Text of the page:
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Commentary: Homelessness in Rural Communities

Camryn Lynn

At the beginning of this semester, the Western Illinois University Marketing Club was contacted by Samaritan Well, the homeless shelter in Macomb, and they asked if we would be interested in helping them put together a fundraiser to raise money and, more importantly, awareness for their organization. I gladly agreed and took up leadership in the project. We decided to make the event a sleep-out, as there is a national sleep-out movement to raise awareness for homelessness during the month of November. The concept of a sleep-out is to spend a night away from home – ideally, sleeping outdoors – to raise awareness for the struggles of those who do not have a home to go to.

The fundraiser was hosted at the Campus Students for Christ house. Some of the events included hay rack rides, a bags tournament, and a scavenger hunt, in addition to lots of food and other games. The main event was the three guest speakers; Danielle Barnes, who is the director of Samaritan Well, George Allison, one of Samaritan Well’s former residents, and Mayor Mike Inman.

Events like these are especially important in rural areas like Macomb, as Ms. Barnes pointed out in her speech, because rural homelessness is far less obvious than city homelessness. It is easy to identify a homeless person in a city, because they are often sleeping outside and openly asking for money to help them get by. Many people in rural areas think that homelessness is not an issue in their town because they never see people living on the streets.

However, that is not true.

Rural homelessness usually means couch surfing, crashing at a different friend or family members’ house every week. The homeless people in small towns don’t tend to beg for money. It is highly stigmatized to be homeless in a small town, and many times the homeless will not admit that they are struggling for fear of shame and embarrassment.

This is why organizations like Samaritan Well are important. They not only provide shelter to those who are suffering in silence, they help them get back on their feet and learn new skills that will make them successful once they leave the shelter. They provide educational support so their residents can finish high school or obtain a GED, and they teach social skills, budgeting and savings plans, nutritional meal planning, goal setting and spiritual growth.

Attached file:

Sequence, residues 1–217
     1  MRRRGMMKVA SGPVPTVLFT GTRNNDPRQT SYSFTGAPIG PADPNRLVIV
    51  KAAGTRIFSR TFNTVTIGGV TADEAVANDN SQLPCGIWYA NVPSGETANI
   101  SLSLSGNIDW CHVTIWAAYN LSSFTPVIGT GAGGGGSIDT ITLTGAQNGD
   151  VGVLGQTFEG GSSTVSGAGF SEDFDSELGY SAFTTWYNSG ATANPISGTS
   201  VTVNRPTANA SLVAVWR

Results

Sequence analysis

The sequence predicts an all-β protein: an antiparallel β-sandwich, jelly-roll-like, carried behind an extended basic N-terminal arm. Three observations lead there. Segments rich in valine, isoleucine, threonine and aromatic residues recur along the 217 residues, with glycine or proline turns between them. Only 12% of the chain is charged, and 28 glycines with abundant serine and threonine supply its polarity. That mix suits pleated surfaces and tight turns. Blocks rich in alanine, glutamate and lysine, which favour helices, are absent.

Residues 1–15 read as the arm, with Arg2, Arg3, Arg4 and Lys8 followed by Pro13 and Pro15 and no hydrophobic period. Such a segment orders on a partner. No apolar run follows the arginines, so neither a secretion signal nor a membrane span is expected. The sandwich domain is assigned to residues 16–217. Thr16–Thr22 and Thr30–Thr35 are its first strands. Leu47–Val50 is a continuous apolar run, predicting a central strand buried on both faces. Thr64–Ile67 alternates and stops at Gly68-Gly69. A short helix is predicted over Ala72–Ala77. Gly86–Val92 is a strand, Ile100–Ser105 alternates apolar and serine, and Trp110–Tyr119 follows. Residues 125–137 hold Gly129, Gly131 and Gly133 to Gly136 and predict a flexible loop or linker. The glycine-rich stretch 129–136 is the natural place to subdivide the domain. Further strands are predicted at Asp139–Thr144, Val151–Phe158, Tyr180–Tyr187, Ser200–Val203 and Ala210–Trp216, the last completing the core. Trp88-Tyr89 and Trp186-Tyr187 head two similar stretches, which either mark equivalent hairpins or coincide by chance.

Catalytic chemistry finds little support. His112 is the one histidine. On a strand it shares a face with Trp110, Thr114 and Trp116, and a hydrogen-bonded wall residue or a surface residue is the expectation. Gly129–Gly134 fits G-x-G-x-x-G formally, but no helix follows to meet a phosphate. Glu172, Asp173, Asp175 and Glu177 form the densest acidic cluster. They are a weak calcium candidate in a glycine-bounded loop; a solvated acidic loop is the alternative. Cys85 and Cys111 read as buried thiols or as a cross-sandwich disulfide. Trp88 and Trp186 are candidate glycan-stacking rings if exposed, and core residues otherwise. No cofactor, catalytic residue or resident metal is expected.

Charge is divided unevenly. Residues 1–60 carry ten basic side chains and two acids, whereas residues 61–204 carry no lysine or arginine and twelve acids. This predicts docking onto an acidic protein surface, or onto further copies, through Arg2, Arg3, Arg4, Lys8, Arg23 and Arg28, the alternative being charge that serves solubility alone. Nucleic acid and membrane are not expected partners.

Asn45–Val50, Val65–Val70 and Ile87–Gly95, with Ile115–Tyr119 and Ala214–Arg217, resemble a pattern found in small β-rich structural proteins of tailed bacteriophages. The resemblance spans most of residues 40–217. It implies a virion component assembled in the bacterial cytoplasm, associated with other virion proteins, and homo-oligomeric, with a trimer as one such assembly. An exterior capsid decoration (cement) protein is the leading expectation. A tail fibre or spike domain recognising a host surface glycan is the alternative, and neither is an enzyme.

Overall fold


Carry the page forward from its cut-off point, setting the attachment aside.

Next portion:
George Allison, the former resident of Samaritan Well who spoke, now manages Samaritan Well’s Men’s shelter. He explained that homelessness can happen to anyone, and even the most well-off people can lose everything. He had owned a successful business until the stock market crash of 2008, when he lost his business, his home, and all his possessions. He emphasized that the residents in the shelter are no different than anyone else, and that really we’re all just one disaster away from being homeless.

When you think like that, it’s easy to understand why the community must rally around Samaritan Well and ensure that they can continue to do what they’re doing.

Mayor Inman thanked Samaritan Well for everything they do in the community. He reminded us of how incredible it is to see Western and Macomb united over a common goal, like we were in hosting this event. Over half of the participants were Western students, and everyone seemed delighted to have so much support from the young people in the community.

The event was extremely successful. We had a total of 40 people attend the fundraiser and 10 spend the night. We raised $1000 for Samaritan Well, which far exceeded our expectations. It was amazing to see the students at the event, some of whom were paying participants and some volunteers, interacting with the Mayor, the Samaritan Well staff and residents, and members of the community.

I would like to give special thanks to the businesses who donated to make the event possible, which are: the Campus Students for Christ, Hickory Grove Farm, Michael’s Hair Designers, Prairie Smoke Herb, Campus Town Gear and Graphics, Starbucks, Hyvee, Goodwill, and Domino’s, in addition to some of WIU’s organizations, which are: the Social Work Student Association, Delta Sigma Pi, Phi Alpha, Chi Omega, and Sigma Sigma Sigma.

Hopefully hearing about this event can inspire others as much as it inspired me, and if anyone would like to donate to Samaritan Well, they may do so by contacting Danielle Barnes at (309) 837-3357.

Camryn Lynn is a freshman at Western Illinois University. She is Vice President of WIU’s Marketing Club.

The opinions expressed are not necessarily those of WIU or Tri States Public Radio.

Diverse views are welcomed and encouraged.